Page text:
I did have one friend tell me that my writing on this blog, while powerful and moving, was also at a level of honesty that might not align with my professional aspirations. I’m not sure what those aspirations are at the moment, other than “work for people I like,” and “get paid,” but I appreciated his cautionary flag and he’s right, in one way. I admit that in the not-so-distant past, I had a moment of being interested in switching to corporate communications after a lifetime of working in the social sector. I thought it might be a way of getting past my disillusionment and heartbreak with my latest string of nonprofit jobs and focus on adapting what was a pretty formidable arsenal of communications skills to an entirely new context. I also thought it might be a way to make money. And–I live within cycling distance of most of the big tech companies; the appeal of an easy commute felt irresistible there, for a moment.
But none of them wanted to hire me, and for good reason! Number one, even though I know perfectly well that my communications skills would transfer to any setting (I mean, c’mon: I can lead, manage, message, and write for any genre—with lightning speed!), my resume screams NONPROFIT DO-GOODER and Google and Facebook and the like don’t seem interested in those types. (Even their philanthropic arms sound like they want business-minded people.) And number two, I think I’d get crushed by the cultures of those places. If any of those companies actually bothered to check my social media channels (I actually don’t think they did, I don’t think my c.v. even got a second glance in the millions they receive each year), they would note that I am direct, no-nonsense, with a marked tendency towards irreverence and lapses into rage. And I am not prone to talking about “winning” and “innovation” just to sound smarter than I am.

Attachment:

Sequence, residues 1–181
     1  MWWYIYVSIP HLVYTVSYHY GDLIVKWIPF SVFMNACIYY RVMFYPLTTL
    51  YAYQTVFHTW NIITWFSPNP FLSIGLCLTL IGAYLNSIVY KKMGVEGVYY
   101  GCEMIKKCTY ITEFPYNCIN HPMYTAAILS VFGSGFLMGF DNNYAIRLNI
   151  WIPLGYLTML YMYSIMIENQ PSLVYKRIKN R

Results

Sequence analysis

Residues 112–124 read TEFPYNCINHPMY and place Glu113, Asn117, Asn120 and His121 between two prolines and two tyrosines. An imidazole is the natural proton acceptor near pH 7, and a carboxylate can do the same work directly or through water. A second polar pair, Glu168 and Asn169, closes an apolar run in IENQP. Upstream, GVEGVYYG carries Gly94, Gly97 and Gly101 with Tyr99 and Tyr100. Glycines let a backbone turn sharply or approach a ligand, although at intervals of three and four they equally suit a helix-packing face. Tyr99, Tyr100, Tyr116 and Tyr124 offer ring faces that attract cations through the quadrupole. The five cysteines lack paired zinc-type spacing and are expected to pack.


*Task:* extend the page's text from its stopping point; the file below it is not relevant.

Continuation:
(Some of my corporate friends have told me about hearing motivational speakers at their meetings, the kind who start their speeches with, “Who hates winning? Anyone? Anyone?” And every time they tell me this, I picture myself shooting my hand up, yelling out, “ME! ME! I hate winning!” Just for the fun of it. See what I mean?)